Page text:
Julio Madariaga is the Argentine patriarch of a wealthy family. He has two daughters, the elder wed to a Frenchman and the other to a German. He prefers the Frenchman and his family, especially his grandson Julio, causing jealousy from the German and his three sons. When Madariaga dies, the family splits up, each son-in-law returning to his own country. The Frenchman and his own move to Paris, where Julio becomes an artist and has an affair with an unhappily married woman, the lovely Marguerite Laurier. Her husband finds out, but before he can finalize a divorce, World War One rears its head and both sides of the family will endure great suffering in the conflict, especially since they must fight one another on the battlefield. Written by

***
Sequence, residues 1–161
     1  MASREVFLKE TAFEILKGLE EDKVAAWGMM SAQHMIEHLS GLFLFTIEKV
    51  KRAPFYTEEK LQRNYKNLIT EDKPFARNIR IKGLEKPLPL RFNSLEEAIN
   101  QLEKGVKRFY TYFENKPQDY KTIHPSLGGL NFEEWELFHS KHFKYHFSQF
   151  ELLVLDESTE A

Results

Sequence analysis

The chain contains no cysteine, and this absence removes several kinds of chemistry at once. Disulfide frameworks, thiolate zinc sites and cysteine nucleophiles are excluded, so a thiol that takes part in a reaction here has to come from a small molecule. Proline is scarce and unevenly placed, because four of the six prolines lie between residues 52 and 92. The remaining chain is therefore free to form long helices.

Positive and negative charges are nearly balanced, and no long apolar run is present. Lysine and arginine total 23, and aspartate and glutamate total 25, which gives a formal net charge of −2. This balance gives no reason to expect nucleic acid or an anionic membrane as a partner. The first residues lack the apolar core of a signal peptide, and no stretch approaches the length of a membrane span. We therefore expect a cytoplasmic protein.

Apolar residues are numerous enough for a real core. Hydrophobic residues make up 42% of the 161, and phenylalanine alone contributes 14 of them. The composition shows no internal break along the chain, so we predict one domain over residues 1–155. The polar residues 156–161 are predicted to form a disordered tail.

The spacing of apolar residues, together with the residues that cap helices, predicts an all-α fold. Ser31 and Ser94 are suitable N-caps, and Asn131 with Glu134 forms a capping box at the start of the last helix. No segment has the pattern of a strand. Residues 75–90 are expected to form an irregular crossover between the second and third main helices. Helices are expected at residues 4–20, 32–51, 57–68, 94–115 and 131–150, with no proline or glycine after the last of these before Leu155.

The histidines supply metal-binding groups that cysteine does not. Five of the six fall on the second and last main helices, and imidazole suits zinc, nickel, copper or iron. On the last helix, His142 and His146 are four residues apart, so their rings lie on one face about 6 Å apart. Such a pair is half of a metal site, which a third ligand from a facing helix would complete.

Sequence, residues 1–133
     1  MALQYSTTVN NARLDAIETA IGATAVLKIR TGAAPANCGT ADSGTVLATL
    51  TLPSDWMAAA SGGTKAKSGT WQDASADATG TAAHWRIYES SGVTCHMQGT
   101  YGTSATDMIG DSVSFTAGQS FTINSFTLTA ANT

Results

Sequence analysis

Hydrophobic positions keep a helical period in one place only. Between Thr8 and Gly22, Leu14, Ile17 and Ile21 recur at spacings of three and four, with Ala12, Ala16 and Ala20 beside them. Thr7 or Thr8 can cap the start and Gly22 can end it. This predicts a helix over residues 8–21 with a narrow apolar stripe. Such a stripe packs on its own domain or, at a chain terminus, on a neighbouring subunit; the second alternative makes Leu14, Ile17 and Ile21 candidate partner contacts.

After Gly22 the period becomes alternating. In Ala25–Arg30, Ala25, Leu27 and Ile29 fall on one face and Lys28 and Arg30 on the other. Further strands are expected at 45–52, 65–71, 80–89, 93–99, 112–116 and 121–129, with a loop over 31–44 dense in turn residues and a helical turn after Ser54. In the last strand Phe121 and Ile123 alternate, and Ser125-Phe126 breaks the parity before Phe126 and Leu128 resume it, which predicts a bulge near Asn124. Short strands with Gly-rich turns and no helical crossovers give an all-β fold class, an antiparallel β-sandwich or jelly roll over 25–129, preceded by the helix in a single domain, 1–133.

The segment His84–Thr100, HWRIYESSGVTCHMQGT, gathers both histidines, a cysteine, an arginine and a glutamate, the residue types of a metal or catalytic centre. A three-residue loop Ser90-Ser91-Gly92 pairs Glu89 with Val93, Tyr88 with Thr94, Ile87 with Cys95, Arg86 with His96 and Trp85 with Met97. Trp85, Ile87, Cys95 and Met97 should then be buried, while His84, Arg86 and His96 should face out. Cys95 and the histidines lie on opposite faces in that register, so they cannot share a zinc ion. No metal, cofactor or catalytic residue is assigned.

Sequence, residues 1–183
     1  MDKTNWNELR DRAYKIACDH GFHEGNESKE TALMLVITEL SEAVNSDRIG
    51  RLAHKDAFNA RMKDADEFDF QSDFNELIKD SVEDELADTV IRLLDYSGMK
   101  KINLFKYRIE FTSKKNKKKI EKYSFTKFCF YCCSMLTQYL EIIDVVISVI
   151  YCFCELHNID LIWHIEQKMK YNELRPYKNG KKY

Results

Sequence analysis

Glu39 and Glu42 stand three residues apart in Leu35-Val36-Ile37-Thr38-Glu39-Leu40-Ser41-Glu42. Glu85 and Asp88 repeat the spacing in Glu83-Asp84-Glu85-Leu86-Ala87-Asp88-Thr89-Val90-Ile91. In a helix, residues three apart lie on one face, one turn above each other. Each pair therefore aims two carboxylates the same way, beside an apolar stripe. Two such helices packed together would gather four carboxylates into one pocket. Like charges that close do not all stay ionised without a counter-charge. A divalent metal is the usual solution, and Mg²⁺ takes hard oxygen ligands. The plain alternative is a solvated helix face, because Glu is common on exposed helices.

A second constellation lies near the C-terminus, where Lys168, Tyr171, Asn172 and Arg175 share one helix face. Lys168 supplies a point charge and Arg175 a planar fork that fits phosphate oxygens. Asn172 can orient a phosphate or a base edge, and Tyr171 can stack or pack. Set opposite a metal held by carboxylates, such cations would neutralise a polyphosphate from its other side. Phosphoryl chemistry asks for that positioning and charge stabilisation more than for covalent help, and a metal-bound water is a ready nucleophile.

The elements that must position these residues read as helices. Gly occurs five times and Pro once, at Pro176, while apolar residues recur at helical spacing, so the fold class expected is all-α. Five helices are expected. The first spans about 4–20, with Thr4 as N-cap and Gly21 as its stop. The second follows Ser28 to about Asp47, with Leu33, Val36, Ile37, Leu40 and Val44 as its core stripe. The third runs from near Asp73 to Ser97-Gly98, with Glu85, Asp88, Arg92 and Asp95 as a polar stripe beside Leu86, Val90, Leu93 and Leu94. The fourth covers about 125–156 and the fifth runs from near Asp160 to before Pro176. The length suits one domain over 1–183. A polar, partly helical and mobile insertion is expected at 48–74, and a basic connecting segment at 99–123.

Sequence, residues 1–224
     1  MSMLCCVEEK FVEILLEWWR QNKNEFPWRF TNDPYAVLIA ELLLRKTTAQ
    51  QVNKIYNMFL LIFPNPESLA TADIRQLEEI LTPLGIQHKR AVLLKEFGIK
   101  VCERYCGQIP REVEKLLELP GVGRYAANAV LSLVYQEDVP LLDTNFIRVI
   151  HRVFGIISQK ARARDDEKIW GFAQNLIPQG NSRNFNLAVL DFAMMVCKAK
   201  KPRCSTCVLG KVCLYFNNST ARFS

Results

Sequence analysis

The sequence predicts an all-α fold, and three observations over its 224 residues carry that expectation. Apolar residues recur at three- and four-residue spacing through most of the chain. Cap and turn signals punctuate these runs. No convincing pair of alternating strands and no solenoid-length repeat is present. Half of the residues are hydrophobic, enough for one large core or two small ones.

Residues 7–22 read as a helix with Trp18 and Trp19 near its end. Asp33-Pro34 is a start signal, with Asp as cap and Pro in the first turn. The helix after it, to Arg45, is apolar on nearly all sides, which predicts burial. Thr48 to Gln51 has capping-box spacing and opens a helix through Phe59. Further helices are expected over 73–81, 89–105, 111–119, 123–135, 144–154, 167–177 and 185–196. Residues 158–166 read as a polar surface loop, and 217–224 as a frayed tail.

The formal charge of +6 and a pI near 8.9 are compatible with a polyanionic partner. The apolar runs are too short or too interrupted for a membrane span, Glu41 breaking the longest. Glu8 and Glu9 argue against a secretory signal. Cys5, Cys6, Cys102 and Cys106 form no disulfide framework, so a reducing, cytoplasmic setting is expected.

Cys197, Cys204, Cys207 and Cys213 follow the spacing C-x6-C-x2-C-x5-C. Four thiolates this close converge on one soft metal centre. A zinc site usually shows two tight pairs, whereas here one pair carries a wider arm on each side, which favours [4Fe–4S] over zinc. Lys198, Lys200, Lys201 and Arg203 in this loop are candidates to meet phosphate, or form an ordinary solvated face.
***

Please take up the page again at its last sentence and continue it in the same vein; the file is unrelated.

The same shot of a cat clawing at a small poodle while sitting on top of a piano is used two different times. See more »
In a world old in hatred and bloodshed, where nation is crowded against nation and creed against creed, centuries of wars have sown their bitter seed, and the fires of resentment smouldering beneath the crust of civilization but await the breaking of the Seven Seals of Prophecy to start a mighty conflagration.
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The Four Horsemen of the Apocalypse is an astonishing and spectacular film. I agree with most of the other comments, that this film is definitely a must-see, though I have reservations about some unevenness in the plotting. But the spectacle, the fire-and-brimstone imagery, and the excellent star-making performance by Valentino more than compensate. In many ways, it DOES tower above 99 percent of what Hollywood throws up today.
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